Edward Spencer, Angela’s eccentric and volatile father, the owner of the Majestic Hotel. He is “a fierce man in flannels” with a stiff, craggy face, rugged brow, and clipped mustache, along with a broken nose and flattened ears that testify to his career as a boxer. The stony set to his jaw suggests his hot temper as he fights—with impatience, irascibility, and resignation—a losing battle against decay. A sportsman and dog lover, at times he is overbearing, opinionated, and tyrannical, at times weak and sentimental. He provides an Anglo-Irish view of the reprisals, of mixed marriages (religion and race), and of the Irish (a subhuman and superstitious rabble composed of criminals and fanatics). His hate-filled desire to avenge the English loss of Ireland leads him purposely to shoot a Sinn Féiner for tampering with his provocatively displayed statue of Queen Victoria. He is Archer’s opposite, his rival for Sarah, and his burden.
Ripon Spencer, Angela’s roguish brother. Compelled by his glands rather than his mind, Ripon is a lazy, ill-mannered bumpkin who spends his days tossing jackknives and romancing village women. He finally elopes with the chubby but winsome Maire, the Roman Catholic daughter of the wealthiest man in Kilnalough, to the consternation of both families.
Sarah Devlin, a temperamental Roman Catholic flirt. Charming and cruel, she becomes the second unattainable object of Archer’s affection, not only because of her youth, her gray eyes, and her attractive sunburn but also because of her sharp-tongued, aggressively Irish wiles. She is catty, rude, self-pitying, and self-deprecating, yet men continue to pay her court, even before she jettisons her wheelchair. Her biting letters of local life and her London visit lure Archer back to Ireland, while the smitten Edward Spencer pays her medical bills. She spurns them both for a brutish British soldier who scorns her race and beats her regularly. Her scandalous behavior and shocking comments suggest the irrationality of the love/hate relationship between the British and the Irish.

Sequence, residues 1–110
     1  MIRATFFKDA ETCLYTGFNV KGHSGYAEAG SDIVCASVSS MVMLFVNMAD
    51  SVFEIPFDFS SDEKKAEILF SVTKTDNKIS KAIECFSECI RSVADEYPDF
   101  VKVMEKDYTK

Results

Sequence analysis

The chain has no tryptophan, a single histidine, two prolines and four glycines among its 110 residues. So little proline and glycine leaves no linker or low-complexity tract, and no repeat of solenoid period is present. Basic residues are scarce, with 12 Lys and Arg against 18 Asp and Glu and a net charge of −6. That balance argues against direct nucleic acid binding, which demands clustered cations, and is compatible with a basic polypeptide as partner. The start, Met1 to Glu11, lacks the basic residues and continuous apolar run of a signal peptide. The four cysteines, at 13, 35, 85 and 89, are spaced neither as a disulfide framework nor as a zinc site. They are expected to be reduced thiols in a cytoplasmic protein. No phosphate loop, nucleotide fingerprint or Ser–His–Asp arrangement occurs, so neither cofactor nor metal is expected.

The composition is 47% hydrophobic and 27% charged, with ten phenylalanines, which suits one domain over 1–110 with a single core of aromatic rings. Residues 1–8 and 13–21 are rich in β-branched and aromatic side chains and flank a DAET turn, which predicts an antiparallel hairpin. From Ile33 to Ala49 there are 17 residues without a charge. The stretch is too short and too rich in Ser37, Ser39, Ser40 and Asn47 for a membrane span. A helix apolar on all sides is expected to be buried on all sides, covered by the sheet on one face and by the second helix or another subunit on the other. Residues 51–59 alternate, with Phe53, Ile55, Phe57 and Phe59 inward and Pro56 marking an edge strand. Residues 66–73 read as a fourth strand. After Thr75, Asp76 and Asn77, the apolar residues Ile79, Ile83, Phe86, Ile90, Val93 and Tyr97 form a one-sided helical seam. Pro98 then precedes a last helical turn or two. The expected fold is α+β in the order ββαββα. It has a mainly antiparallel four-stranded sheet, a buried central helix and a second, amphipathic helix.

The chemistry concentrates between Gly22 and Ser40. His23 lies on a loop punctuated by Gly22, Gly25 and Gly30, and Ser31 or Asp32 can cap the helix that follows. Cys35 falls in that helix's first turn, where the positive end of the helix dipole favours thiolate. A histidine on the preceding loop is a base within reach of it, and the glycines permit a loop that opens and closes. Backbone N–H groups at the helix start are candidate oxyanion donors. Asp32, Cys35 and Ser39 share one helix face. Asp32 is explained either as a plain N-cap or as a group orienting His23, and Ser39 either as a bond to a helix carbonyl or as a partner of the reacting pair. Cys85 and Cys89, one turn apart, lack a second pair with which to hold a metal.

Evans, a prototype of Irish rage, the venomous tutor to Spencer’s two frolicsome and mischievous daughters, Faith and Charity. Evans nurses his explosive sense of outrage and injustice. Belligerent and aggressive, he deals the grandmother’s attacking cat a crippling blow and then, in an ecstasy of violence and with a “savage rictus in his white pocked face,” hurls it against the wall. Later, at the Majestic’s final ball, he displays open antipathy for guests and hosts alike.
Murphy, a prototype of Irish deceit, the sullen, two-faced, aged hotel butler. His face is wrinkled and wizened, with his few teeth discolored. Murphy hides his mad hatred of anything English and his malevolent joy at English suffering behind a façade of loyal subservience. Despite his long years of service, he abuses the defenseless and chuckles at their discomfort. Ultimately, he ignites the hotel, its multitude of cats, and himself in an orgy of hate.
Unlock This Study Guide Now
Start your 48-hour free trial and unlock all the summaries, Q&A, and analyses you need to get better grades now.
- 30,000+ book summaries
- 20% study tools discount
- Ad-free content
- PDF downloads
- 300,000+ answers
- 5-star customer support